Author Lorelei Bell, welcomes you! Vampires are my addiction, I assume they are yours as well. Come and journey with me to the darker shadows, where the vampires lurk, watching us, waiting for us weak humans...

The journey awaits, come!

Monday, June 11, 2012

Vampire Children, a Strange and Haunting Allure!

Claudia, the child vampire in Anne Rice's Interview with the Vampire is, in my opinion, the most haunting character I have ever seen portrayed in film or fiction.

She is a child that will not age, she is like an angel, but being vampiric, she is also a demon, for a monster dwells within that doll-like child, and it is that much more frightening because she looks angelic.

Her story is sad and so poignant. But I am not focusing on that. I am, instead, thinking about the portrayl of other child vampires.

I have two in my novel, The House on Blackstone Moor. They are different than Claudia, having perished during the witch hysteria that seized 16th Century France when they were raised from the dead.

And as the point is made throughout my novel, whether they be raised or created, no two vampires come back the same. That brief sojourn through hell affects each differently.

That's my take on vampire fiction. But truly, whether they come back monsterous or not, they are, because they are children, haunting.

It is so troubling. These tragic monsters, condemned to exist forever undead. Forever that is unless they are, somehow, destroyed.

And what of their memories and feelings. Do they know fear? Can they know fear? Mine do, they greatly fear the vampire destroyers for they have seen the horrific carnage left in the wake of a destroyer attack. Being undead does not mean they are not, sometimes, afraid.

Yet they have pleasure too. They enjoy sleeping for instance. They so like to dream, my Ada and Simon.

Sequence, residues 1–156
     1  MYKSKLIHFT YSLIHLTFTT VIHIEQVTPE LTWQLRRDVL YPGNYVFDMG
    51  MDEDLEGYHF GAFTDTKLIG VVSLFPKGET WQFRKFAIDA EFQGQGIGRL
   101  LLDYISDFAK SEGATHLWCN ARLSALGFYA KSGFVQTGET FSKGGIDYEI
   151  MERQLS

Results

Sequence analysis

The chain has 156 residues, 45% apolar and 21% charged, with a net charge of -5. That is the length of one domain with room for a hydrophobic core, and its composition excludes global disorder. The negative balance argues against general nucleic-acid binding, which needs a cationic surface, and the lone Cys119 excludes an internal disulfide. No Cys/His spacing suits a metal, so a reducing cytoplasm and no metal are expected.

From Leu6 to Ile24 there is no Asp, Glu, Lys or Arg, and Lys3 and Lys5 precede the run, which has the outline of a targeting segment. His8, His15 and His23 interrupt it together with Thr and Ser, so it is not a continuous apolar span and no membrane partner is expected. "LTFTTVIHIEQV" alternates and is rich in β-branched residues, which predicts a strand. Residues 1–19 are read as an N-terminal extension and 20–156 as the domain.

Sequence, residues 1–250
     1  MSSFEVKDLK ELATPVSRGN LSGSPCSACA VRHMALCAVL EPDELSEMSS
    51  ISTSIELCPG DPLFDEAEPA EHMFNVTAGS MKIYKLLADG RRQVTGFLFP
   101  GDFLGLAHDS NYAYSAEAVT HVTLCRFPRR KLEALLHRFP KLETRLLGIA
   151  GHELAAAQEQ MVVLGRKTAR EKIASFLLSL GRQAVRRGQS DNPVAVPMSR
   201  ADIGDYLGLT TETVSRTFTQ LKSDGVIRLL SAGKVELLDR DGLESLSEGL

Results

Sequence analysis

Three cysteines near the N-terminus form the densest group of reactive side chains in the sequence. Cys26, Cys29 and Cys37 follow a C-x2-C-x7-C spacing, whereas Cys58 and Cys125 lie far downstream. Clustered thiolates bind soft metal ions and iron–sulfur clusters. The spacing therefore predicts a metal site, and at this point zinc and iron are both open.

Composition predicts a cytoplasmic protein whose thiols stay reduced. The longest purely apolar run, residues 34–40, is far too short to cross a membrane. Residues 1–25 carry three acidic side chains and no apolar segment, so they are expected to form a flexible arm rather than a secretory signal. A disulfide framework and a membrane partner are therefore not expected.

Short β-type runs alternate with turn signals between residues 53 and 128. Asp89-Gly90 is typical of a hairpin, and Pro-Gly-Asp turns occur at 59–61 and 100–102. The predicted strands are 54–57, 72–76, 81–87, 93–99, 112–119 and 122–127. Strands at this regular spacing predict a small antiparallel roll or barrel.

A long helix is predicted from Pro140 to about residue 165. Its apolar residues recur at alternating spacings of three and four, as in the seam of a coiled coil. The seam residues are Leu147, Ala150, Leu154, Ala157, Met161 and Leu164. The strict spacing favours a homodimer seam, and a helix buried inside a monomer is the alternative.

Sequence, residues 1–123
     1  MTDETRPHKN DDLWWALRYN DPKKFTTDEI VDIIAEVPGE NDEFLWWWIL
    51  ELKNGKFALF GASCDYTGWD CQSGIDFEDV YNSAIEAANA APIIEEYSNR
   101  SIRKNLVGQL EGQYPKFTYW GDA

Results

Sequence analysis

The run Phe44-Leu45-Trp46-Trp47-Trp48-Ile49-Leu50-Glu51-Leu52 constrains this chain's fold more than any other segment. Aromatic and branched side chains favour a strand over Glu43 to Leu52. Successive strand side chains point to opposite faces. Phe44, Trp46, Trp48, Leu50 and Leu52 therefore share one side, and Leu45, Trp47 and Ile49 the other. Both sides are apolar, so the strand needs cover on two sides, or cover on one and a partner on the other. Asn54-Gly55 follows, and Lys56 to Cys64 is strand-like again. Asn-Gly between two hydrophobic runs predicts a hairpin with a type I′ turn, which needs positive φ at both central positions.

But what do they dream of? Do they dream of their living lives and also of their terrible deaths? Do they dream of hell? Do they see in their dreams Satan's own demons reaching out to draw them back?

Do they dream of an impossiblitly, a way to regain their living lives, or do they just exist from one eternal moment to the next as best they can?

And when the fierce thirst strikes, what then? Can they pretend to not feel it or do they not bother and rush headlong out in search of their sustenance?

That is their reality. Truth is truth after all, even to one who is a child and is also, sadly, a vampire.


Lorelei said...

All excellent questions, Carole. The writer mind at work, of course. We all try to imagine what it is like for our characters, whoever/whatever they are!

So far, the first story in Vampire Retribution I can see where you used your thinking on this. I liked the ending.

Anonymous said...

thank you so much.
yes, i like writing about vulnerable vampire children. and i did with that.
Now that you mention it, i think i was caught up with the story, hence the post!

thanks, Lorelei. it's good to examine what we write. it makes it all pertinent for us and then there's truth there i guess.